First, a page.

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  1. #1
    Join Date
    Apr. 13, 2006

    Default Horse/Rider fitting question

    Maybe more for the saddle fitters, however all insight is welcome....

    If the barrel of the horse is considered when fitting a saddle and there are measurement techniques to determine size, is anyone using these measurements to fit him or herself to the horse?

    I'm figuring barrel dimensions are as important to the rider as they are to the saddle.

    Yes, no?

    Medical Mike
    equestrian medical researcher

  2. #2
    Join Date
    Jan. 4, 2007


    I am 4'11" and have a 27" inseam.
    Riding a horse that is large across where the saddle goes makes my short thighs stick out and hard to let my legs hang down properly, not stick out forward in a chair seat.

    I prefer to ride horses that are narrow across, feel like I am riding a fat hippo with the thicker built horses.

    I guess that if you are tall and long leggity, you can adjust easier to more horses.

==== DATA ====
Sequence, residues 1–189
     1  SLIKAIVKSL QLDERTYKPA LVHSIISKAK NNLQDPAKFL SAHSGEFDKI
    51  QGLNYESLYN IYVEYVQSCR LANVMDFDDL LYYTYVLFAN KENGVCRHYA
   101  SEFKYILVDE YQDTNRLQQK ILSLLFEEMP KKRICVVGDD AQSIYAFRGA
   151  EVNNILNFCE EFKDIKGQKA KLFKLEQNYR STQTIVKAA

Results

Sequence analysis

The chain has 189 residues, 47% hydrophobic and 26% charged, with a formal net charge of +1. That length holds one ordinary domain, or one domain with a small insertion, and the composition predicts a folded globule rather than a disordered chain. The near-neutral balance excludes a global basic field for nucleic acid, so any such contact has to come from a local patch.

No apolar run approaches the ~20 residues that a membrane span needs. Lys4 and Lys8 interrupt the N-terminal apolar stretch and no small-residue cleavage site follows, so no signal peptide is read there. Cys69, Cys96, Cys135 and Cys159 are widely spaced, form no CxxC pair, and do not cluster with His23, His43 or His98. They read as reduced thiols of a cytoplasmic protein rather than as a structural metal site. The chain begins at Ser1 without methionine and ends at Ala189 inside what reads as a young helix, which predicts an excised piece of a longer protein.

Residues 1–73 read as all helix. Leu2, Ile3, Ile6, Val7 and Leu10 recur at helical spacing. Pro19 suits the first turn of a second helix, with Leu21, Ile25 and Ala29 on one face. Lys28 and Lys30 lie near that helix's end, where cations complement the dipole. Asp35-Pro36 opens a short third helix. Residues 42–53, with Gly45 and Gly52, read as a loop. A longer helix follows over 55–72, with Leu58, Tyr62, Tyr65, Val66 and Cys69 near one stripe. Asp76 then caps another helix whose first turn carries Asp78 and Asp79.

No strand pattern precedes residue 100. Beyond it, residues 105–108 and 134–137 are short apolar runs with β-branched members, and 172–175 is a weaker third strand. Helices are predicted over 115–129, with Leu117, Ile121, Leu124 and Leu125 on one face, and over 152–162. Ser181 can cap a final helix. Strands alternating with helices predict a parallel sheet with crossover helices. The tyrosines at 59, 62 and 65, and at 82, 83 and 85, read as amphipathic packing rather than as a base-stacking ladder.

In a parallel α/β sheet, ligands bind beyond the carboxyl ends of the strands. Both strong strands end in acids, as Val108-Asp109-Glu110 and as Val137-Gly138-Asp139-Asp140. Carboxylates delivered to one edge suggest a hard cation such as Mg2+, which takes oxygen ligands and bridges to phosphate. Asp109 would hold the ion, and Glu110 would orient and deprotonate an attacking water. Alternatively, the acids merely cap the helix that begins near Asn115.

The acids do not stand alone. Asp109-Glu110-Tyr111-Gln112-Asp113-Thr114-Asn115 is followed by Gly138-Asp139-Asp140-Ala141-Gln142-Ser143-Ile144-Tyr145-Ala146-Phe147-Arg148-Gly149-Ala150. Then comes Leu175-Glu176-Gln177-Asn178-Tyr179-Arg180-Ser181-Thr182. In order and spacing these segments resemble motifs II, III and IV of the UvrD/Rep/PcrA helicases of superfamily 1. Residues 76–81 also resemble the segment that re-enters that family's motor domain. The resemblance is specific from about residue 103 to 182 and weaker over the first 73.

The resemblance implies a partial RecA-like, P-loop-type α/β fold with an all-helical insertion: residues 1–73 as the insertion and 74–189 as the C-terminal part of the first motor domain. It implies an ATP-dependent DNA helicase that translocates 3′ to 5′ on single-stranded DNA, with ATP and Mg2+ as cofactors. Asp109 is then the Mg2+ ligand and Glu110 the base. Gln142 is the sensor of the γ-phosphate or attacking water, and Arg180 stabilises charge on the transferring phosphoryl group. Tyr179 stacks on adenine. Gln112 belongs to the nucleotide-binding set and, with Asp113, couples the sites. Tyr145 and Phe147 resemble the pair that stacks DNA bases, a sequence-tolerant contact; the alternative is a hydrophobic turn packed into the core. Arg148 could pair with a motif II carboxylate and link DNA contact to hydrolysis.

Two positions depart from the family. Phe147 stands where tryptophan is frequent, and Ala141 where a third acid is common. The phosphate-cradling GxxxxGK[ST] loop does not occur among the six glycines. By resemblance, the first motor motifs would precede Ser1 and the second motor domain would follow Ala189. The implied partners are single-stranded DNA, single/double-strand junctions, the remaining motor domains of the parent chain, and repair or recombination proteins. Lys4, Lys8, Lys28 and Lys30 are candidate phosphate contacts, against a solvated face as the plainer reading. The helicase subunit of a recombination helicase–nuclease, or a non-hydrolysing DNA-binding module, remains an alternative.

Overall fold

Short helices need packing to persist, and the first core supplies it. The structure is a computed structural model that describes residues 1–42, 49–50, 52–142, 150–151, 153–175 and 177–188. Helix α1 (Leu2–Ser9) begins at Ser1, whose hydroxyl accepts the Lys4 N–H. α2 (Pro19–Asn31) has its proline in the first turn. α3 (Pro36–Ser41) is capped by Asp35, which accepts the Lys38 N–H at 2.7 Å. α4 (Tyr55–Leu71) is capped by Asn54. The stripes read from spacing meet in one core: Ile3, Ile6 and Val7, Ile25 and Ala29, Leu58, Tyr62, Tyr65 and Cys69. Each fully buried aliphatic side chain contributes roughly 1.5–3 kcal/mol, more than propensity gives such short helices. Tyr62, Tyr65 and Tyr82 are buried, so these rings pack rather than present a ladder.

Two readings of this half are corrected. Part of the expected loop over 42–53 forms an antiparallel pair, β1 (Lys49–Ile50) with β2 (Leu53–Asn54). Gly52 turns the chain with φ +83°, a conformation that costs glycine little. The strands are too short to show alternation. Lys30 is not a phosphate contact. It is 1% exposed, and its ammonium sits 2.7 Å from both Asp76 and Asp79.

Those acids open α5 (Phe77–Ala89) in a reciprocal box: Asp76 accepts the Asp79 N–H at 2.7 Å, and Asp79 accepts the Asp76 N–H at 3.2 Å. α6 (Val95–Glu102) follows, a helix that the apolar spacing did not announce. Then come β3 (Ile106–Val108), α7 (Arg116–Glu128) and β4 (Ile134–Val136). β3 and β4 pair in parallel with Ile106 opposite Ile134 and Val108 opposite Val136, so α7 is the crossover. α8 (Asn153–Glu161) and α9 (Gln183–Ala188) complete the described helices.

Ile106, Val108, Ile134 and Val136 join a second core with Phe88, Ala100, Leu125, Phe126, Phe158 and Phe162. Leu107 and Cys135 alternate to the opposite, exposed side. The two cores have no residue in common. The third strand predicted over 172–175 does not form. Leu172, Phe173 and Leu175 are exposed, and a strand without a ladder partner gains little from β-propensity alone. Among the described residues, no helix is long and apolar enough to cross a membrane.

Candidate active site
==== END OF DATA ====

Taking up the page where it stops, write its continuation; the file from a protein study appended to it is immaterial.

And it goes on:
Then, the pelvic shape of women tends to be a bit wider and permit them to straddle a thicker horse easier than a man would, other considerations being equal.

    I don't remember just now which books have been touching on all this.
    Maybe someone else can guide you to those?

  3. #3
    Join Date
    Oct. 16, 2008
    Central Oklahoma


    There are correlations but they are in essence two different things, the tree and the seat.

    The tree fits the horse (the tracing is used to determine the tree). So you got tree that is different width, or different slope, among others variables.

    The seat fits the rider. Its construction should comform to the rider's anatomy (such as how rapid a rise it should have, how wide the twist should be, where to place stirrup bar, etc, among others).

    A saddle is a fusion of these two, with tree at the bottom for the horse comfort, and the seat on the top for the rider comfort.

    A very wide horse, hence very wide tree, often force wider seat than a narrow horse may require, but, it is like saying all stock prices should rise and fall in sync with Dow Jones (after all, Dow Jones is the average of the major stocks), when in reality, even though they interact with each other, you will some stocks can move in opposite of Dow Jones.

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